There are good and bad in every group. I have found that it is difficult for one to survive in an ICU setting if you are not an A type personality. I respect all fields of nursing. Everyone has their own job duties, judging from school clinical experience on several med-surge units, the patients at our facility in the ICU are much sicker. At times there are bed back-ups which keeps stable patients in the ICU longer, but that is a gift! There are times where patients have 12 or more drips running at the same time. Just figuring out what is compatable is a chore in itself. The charting is a nightmare, patients do get discharged, and you never know what is coming through the door if you have an admission. When it comes to education, the initial training at our facility was much more extensive for critical care areas. We may only have two patients, but we are constantly getting new orders, speaking with physicians and residents to fix unexpected problems, and hanging/monitoring more IV drips on one patient than most floor nurses see in all five of their patients in a day. As I said, this does not go for every patient, but most. To make matters even more stressful….time management becomes a trainwreck when your patient goes down the tubes. We can’t send them to the ICU, we are it….last stop. And you better know everything about your patient, as they physicians depend on you for the answers so they can make their decisions. The same complaints stand for night shift and day shift, adults vs. peds, clinic vs. impatient…..the attitudes affect all areas of nursing =-) Everyone who loves what they do want to be the best nurse out there.

  15. Megan Says:

    I wonder if the distribution of snobbishness differs from hospital to hospital. This is just based on the different observations I’m reading here. You gotta figure that every ICU, Med-Surg or ER environment is different in every hospital…it all comes down to the individuals working there. No two nursing teams are exactly alike just like no two people are exactly alike. Plus all it takes is one bad apple to spoil everyone’s good mood or a small gaggle of gossipers to give us all a bad name.

    I’m a nursing student now, but I did clinicals as a phlebotomy student and the ICU nurses at my local hospital were very kind and supportive..even to a phlebotomy student like me (the lowest of the low on the totem pole). I do plan on becoming an ICU or NICU nurse because I fell in love with ICU during those clinicals..and I plan on being respectful and unsnobby to everyone while I do it. There’s enough stress in hospitals already without all the meanness.

  16. andrea Says:

    I believe each of us is a bit overwhelmed when we are ‘floated’ to a different environment. Floor nursing can be overwhelming just because of the assignment load compared to a Unit. Also, just finding supplies on different floors or Units is an issue for some folks. Seems that we give an impression of unwillingness (and we are) when moved from our comfort zone. My own experience is that we do react to how we are perceived. I’ve actually been awed by the skills of some of the Unit nurses, but realized they were ‘over the top’ when applied on a floor. We med/surg nurses are the work horses of any hospital. We are the worker bees. We don’t get as much acknowledgement as the Units, but we hang in there and get it done. And, there are snobs everywhere. Usually it’s the folks who are a bit insecure and allow their status to be their identity.

  17. Amy Says:

    I wouldn’t say more snobbish, but I must admit that every time I call report from the ED to take a patient to the ICU, I make sure all my i’s are dotted and t’s are crossed because I know that I’ll get yelled at if anything is out of place. One of our ED nurses got written up because her patient had filled his depends in the elevator on the way to ICU, and this was after we cleaned him up right before they left, but the receiving nurse was REALLY upset about it. But I’ll admit we have our fair share of snobs in the ED department too 🙂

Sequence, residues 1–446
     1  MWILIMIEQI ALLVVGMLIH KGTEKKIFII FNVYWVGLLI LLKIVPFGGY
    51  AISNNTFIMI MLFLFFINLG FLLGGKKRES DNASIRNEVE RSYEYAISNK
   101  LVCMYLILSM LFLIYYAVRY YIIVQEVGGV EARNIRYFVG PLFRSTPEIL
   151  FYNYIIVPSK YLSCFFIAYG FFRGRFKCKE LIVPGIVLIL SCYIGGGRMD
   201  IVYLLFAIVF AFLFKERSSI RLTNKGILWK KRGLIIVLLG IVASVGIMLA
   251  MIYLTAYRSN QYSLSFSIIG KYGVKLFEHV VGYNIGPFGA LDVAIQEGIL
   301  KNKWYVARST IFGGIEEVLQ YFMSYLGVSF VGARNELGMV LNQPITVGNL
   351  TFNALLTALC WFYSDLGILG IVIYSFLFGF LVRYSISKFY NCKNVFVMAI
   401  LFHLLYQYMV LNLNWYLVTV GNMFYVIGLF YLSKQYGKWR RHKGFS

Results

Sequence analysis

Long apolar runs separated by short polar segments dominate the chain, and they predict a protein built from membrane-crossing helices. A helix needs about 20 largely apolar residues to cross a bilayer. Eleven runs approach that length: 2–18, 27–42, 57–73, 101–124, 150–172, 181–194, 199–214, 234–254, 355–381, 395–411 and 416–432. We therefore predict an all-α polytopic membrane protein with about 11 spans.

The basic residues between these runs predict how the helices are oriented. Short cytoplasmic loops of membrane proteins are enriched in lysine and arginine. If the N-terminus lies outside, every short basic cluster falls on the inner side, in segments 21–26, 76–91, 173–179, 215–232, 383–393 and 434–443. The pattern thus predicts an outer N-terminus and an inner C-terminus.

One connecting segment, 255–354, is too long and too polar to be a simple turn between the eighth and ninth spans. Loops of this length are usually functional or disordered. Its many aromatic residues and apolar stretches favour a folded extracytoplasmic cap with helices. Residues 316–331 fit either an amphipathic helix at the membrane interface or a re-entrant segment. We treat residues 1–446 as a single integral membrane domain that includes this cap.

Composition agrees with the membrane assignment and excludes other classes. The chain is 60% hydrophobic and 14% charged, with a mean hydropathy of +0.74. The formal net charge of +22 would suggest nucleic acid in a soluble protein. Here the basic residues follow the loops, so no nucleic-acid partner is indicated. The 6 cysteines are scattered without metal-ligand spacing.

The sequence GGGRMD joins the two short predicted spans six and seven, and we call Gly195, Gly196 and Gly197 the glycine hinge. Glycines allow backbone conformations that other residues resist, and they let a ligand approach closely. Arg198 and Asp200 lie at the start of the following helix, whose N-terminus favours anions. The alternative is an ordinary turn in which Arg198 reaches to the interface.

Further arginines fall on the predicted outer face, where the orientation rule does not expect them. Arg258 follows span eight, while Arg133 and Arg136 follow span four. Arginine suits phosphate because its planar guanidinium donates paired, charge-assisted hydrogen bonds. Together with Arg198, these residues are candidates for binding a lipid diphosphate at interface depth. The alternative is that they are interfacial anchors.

18. buttons Says:

    Wow, I think some nurses are snobbish regardless of their speciality.

    I am being serious… Snobbish, too cute, I do not get my hands dirty syndrome, I do not do adls and my butt dont stink attitude…those type of nurses right?

    Some of those nurses are in every unit, management and everywhere…..

    I believe every speciality has their strengths and weakens. There are some specialities that are similar and a nurse will be able to function easily in the other speciality.

    I am a firm believer in nurses should be rotated out of their units every year. Nurses need to be well-rounded in their education and their skills. Many nurses have forgotten their skills and this is unacceptable. This will eliminate the reduction of skills and understanding of every speciality. In addition, it will prevent burn out as well.

    Therefore, some of the snobbish nurses will be coming down to earth real quick or the reality will be reaching up and pulling them to earth. (I wanted to say “a kick in the butt” will bring them down” but someone would take me serious and say I was enforcing physical abuse/violence.) A figure of speech…..

  19. Sukie Says:

    A good ICU nurse is also called The Barracuda. They look over every little detail of their patients and are very protective of them. (Former ICU nurse) The behavior/personality is ingrained. Hard to adjust to another level.

  20. bob Says:

    Having worked a number of years on tele and med surg taking care of 6-9 patients and then transfering to ICU, I agree there are ICU nurses who are often are critical of med surg / tele nurses. Wishful thinking, but it would be a much better working environment if we all gave eah other more respect. Most tele, med surg, ER, and ICU nurses are under a great deal of stress. We all need to be considerate of each other.Maybe try working in these other areas before you critisize these nurses. As far as Im concerned, hospital management / bean counters create impossible demands on nurses. Intentional understaffing for the purpose of saving a buck to make themselves look good. And if department managers don’t play the game, they are out. Someone else with dubious morals will be right there to take the job. Nurses need to work together to promote better working environments. Unions like they have in California would solve alot of these problems. Problem is, nurses just can’t seem to agree on much. It’s easier to blame the other guy in the other department. Amen